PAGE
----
How much time is required between each set of pulls and folds?
There is no fixed time; fit in 4-5 sets of pulls and folds during the time you have, it doesn’t need to be at fixed timed intervals, just do them as fits in with life.
Why is my dough sticky?
This can either be due to the flour you are using, some flours will always be sticky to work with, or maybe all you need to do is to try using a bit less water in your dough and see if it makes a difference; some flours are happier with less water. Try 25g less water and see if it helps.
Or, alternatively dough can be sticky as a result of over proving. Keep an eye on your room temperature and how long your are proving for on the counter to ensure that your dough does not over prove. I typically prove my dough for 8-10 hours at temperatures of 18C/64F – 20C/68F. If it’s warmer where you are this needs to be much shorter (likewise if it’s colder, this needs to be longer!).
Visit this post for more information about preventing over proving in the heat.
Why does my dough stick to the banneton?
This can happen if you banneton is not sufficiently prepared for the purpose. Your banneton needs to have a nice crust of rice flour, and more rice flour added when you put the dough into the banneton to ensure that it doesn’t stick. To prep your new banneton, sprinkle the inside with water, sprinkle in rice flour, tap it round the inside of the banneton, then leave it to dry. This way it creates a virtual non stick layer.
Rice flour is non porous which is why it is perfect for this job. Check out my video here for more information on how to prep your banneton.
Alternatively your dough is sticking for the reasons mentioned in the previous question.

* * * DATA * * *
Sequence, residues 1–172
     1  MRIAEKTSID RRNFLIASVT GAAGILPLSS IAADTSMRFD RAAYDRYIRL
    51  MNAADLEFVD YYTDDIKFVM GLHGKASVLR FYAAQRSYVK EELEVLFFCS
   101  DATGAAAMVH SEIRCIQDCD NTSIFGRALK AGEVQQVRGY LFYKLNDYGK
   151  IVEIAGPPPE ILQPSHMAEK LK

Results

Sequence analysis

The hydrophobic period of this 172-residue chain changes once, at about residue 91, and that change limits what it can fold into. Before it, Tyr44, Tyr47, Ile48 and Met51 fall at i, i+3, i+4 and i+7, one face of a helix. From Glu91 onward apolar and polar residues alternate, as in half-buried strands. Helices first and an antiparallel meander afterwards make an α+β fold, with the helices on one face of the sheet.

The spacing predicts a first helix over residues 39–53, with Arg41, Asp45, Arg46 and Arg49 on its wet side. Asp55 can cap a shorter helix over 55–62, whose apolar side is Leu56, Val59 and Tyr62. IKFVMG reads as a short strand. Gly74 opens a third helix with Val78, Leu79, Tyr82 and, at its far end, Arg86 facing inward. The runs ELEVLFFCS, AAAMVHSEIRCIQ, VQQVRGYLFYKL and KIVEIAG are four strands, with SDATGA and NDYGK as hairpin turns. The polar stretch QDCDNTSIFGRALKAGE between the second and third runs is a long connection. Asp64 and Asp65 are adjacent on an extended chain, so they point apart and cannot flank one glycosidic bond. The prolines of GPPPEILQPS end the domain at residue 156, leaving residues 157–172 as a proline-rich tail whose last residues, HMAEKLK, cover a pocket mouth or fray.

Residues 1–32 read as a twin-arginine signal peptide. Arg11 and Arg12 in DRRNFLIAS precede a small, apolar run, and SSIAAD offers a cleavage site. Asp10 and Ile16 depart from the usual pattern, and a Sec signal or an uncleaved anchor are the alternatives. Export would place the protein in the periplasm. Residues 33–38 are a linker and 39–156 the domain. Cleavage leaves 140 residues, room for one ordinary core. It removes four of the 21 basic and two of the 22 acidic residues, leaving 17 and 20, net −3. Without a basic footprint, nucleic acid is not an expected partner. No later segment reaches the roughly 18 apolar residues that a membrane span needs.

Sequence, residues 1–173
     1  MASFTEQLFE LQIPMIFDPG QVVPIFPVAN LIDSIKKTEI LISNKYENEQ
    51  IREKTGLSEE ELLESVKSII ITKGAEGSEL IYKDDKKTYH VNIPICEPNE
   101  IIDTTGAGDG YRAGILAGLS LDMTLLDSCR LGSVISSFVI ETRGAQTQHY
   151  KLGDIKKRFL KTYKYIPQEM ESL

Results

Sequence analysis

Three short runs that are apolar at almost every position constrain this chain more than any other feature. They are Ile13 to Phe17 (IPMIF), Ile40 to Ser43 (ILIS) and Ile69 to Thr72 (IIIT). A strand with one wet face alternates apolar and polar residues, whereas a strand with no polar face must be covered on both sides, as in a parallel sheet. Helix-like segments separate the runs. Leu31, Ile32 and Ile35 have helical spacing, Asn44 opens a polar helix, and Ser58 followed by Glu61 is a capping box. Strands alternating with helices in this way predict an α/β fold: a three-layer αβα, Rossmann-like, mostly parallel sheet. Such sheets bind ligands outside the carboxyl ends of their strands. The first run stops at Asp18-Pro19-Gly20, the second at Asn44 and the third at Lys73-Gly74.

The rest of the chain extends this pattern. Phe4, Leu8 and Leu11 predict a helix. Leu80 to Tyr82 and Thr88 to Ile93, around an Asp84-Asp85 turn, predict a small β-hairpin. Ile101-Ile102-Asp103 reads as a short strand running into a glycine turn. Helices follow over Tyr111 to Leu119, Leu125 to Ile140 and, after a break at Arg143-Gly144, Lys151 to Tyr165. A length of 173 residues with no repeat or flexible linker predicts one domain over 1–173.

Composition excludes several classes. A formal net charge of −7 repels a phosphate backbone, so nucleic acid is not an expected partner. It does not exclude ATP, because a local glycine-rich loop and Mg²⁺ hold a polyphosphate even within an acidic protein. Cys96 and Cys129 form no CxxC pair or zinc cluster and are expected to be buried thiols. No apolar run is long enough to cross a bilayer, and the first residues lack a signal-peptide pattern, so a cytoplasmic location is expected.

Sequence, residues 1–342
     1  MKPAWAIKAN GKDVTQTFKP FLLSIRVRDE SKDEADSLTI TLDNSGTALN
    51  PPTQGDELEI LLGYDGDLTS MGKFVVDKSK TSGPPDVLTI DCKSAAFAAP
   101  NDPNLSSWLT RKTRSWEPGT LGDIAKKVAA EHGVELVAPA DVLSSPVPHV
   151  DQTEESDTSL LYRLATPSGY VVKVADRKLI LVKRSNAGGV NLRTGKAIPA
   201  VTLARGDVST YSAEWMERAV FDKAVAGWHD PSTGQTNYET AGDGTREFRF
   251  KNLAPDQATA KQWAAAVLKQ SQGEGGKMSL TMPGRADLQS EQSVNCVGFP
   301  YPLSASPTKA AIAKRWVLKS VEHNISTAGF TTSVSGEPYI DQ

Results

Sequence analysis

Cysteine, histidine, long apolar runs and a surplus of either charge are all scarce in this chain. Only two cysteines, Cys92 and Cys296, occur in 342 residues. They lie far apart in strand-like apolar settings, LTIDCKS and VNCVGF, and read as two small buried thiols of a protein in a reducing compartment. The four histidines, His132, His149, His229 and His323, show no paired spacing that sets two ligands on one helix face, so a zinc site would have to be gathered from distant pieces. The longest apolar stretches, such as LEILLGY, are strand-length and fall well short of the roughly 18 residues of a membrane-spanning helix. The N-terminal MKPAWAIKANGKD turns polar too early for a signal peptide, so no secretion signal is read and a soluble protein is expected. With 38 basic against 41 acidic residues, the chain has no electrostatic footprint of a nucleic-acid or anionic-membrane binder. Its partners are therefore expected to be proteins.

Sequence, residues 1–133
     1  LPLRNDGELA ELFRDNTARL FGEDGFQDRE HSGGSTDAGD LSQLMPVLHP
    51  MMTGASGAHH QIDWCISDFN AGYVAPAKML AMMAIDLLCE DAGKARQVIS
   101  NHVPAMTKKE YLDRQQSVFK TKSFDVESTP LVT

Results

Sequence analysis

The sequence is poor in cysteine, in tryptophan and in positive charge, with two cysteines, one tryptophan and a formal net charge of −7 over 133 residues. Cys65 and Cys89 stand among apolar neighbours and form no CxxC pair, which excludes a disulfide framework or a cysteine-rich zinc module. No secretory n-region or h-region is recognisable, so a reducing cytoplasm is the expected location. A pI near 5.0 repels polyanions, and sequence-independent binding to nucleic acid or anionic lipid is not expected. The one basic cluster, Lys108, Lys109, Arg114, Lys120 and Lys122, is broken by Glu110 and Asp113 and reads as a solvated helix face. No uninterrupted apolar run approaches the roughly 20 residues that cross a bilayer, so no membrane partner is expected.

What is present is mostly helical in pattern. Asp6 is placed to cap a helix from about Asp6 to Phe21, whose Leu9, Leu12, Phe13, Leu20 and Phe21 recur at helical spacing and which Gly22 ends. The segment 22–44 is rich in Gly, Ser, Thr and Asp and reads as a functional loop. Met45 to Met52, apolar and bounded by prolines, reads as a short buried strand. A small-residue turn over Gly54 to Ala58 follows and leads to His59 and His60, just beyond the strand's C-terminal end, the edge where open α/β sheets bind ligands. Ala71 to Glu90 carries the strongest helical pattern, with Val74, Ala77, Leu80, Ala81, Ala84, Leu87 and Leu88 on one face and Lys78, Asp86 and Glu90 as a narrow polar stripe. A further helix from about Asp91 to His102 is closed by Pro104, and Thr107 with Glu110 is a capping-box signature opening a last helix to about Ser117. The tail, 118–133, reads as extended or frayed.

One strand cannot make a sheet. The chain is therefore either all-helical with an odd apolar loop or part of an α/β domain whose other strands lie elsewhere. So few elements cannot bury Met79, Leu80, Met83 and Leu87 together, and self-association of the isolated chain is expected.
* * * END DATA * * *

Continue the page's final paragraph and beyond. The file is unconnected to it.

Why does my dough spread?
This may be due to either your flour not being strong enough, or too much water in your dough, or not building up enough structure in your dough during the pulls and folds. As a starting point, try 25g less water in your dough. Or check out this post full of help and tips.
It can also be due to over proving, see above.
My rule of thumb is that if your dough is soft and sticky BEFORE the overnight prove, you probably need less water in your dough; if it’s soft and sticky AFTER the overnight prove, it’s probably over proved and you need less starter in the dough or a shorter prove.
Why can’t I score my dough?
As above, it can be due to several possible reasons, a soft dough will always be difficult to score so ensure that you have a firm well structured dough. Also make sure that your blade is thin enough and sharp enough for the job.
You could try leaving the dough for longer in the fridge and if that doesn’t help, try less water in the dough and see if that makes all the difference.
My dough hasn’t risen?
If it was cold overnight your dough will not rise much and just needs a few more hours in the morning to do it work.
If you fear it’s your starter, give it a boost.
My loaf is flat, I don’t think my starter is strong enough?
This is rarely due to your starter. If your dough grows and doubles during its main/bulk prove overnight, it shows that your starter is fine and working well.
The issue could be that you need less water is your dough; your banneton/banneton alternative is too wide so your loaf is wide and flat; your dough over proved and lost all of its structure and could not lift during baking.
Why is my dough so sticky?
This could merely be due to the flour you’re using, some produce a sticky dough. In some bases the dough needs less water, in some case the dough is under, or over proved.